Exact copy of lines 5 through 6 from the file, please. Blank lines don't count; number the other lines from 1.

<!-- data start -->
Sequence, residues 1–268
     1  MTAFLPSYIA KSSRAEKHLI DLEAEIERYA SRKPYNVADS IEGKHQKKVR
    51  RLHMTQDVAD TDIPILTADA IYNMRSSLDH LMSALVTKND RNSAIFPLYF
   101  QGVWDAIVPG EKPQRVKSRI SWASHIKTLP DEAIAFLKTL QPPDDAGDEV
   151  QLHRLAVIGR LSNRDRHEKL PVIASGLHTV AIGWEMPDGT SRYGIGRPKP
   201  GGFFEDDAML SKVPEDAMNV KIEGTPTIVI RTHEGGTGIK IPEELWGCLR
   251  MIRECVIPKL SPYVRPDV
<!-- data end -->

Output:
   151  QLHRLAVIGR LSNRDRHEKL PVIASGLHTV AIGWEMPDGT SRYGIGRPKP
   201  GGFFEDDAML SKVPEDAMNV KIEGTPTIVI RTHEGGTGIK IPEELWGCLR